# On January 1, 2006, Mythical purchased some office equipment, paying \$24,000. It is anticipated that the equipment will last 4 years and have a zero salvage value at the end of the four years.

1) Make the adjusting entry for depreciation at the end of year two using the straight-line method.
2) Make the adjusting entry at the end of year two using the double declining balance.

Assume that Mythical purchased a new copy machine, paying \$10,000. It is estimated that the machine will produce 100,000 copies and then be worthless. In year two, the machine was used to make 4,000 copies. Make the adjusting entry to record depreciation expense.

9 months ago

## To answer these questions, we need to understand the straight-line method and the double declining balance method of depreciation.

1) Straight-line Method:
In the straight-line method, the depreciation expense is calculated by evenly distributing the cost of the asset over its useful life. To calculate the annual depreciation expense, we divide the cost of the asset by its useful life.

In this case, the office equipment was purchased for \$24,000 and has a useful life of 4 years. At the end of year two, we need to make the adjusting entry for depreciation.

To calculate the annual depreciation expense:
Annual Depreciation Expense = Cost of Asset / Useful Life
Annual Depreciation Expense = \$24,000 / 4
Annual Depreciation Expense = \$6,000

The adjusting entry for depreciation at the end of year two would be:
Depreciation Expense \$6,000
Accumulated Depreciation \$6,000

2) Double Declining Balance Method:
In the double declining balance method, the depreciation expense is calculated based on a fixed percentage (double the straight-line rate) applied to the net book value (cost of the asset minus accumulated depreciation) of the asset.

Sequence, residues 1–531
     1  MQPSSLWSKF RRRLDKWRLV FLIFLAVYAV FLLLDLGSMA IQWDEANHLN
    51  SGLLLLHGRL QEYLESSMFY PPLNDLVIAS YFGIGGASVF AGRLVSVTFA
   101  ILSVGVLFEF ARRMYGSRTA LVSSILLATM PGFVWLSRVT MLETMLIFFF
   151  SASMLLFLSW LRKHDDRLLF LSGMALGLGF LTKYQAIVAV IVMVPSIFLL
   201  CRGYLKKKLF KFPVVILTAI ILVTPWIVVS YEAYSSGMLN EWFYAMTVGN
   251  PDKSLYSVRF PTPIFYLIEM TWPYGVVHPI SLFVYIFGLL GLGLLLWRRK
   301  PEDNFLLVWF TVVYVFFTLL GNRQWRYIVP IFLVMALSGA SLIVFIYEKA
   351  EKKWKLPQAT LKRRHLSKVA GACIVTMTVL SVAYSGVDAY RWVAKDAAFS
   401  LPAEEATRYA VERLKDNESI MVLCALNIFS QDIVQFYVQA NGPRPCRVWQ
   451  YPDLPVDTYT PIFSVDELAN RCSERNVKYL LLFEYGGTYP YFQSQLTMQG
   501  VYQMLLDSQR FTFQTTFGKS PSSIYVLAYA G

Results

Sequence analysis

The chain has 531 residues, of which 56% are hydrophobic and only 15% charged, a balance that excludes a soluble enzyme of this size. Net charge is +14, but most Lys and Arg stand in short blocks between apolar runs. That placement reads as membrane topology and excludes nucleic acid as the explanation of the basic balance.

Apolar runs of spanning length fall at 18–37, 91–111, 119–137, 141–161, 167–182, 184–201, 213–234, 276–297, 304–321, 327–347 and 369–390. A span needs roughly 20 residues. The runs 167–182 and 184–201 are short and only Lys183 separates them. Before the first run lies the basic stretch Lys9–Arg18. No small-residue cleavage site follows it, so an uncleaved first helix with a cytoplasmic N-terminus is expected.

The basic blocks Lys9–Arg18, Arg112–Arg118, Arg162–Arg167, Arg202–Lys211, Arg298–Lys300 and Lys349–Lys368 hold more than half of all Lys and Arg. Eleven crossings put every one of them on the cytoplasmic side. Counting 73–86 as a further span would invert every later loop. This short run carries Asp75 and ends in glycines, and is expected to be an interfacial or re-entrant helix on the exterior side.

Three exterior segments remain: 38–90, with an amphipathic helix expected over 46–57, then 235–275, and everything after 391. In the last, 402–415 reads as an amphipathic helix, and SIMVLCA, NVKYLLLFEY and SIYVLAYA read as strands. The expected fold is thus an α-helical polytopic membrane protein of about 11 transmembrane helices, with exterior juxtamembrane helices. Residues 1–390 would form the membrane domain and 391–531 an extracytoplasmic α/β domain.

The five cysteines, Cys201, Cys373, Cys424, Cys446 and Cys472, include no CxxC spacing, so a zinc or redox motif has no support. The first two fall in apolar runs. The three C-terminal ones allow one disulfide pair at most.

In this case, we need to make the adjusting entry for depreciation at the end of year two using the double declining balance method. However, we need to know the depreciation rate to calculate the depreciation expense.

The depreciation rate can be calculated using the formula:
Depreciation Rate = (1 / Useful Life) * 2

Since the office equipment has a useful life of 4 years, the depreciation rate would be:
Depreciation Rate = (1 / 4) * 2
Depreciation Rate = 0.5 or 50%

To calculate the depreciation expense using the double declining balance method:
Depreciation Expense = Net Book Value * Depreciation Rate

At the end of year two, the net book value can be calculated by subtracting the accumulated depreciation from the cost of the asset:
Net Book Value = Cost of Asset - Accumulated Depreciation

Now, let's assume that the accumulated depreciation at the end of year two using the straight-line method is \$12,000 (2 years * \$6,000 depreciation expense).

Net Book Value = \$24,000 - \$12,000
Net Book Value = \$12,000

Depreciation Expense = \$12,000 * 50%
Depreciation Expense = \$6,000

The adjusting entry for depreciation at the end of year two using the double declining balance method would be the same as the straight-line method:
Depreciation Expense \$6,000
Accumulated Depreciation \$6,000

Now, let's move on to the second part of the question regarding the copy machine.

Since the machine was used to make 4,000 copies in year two and is estimated to produce 100,000 copies in total before becoming worthless, we can calculate the depreciation expense as a fraction of the total cost:

Depreciation Expense = (Copies made in year two / Total estimated copies) * Cost of machine

Depreciation Expense = (4,000 / 100,000) * \$10,000
Depreciation Expense = \$400

The adjusting entry to record depreciation expense for the copy machine would be:
Depreciation Expense \$400
Accumulated Depreciation \$400

Please note that these calculations and entries are based on the assumptions provided. Actual accounting practices and policies may vary.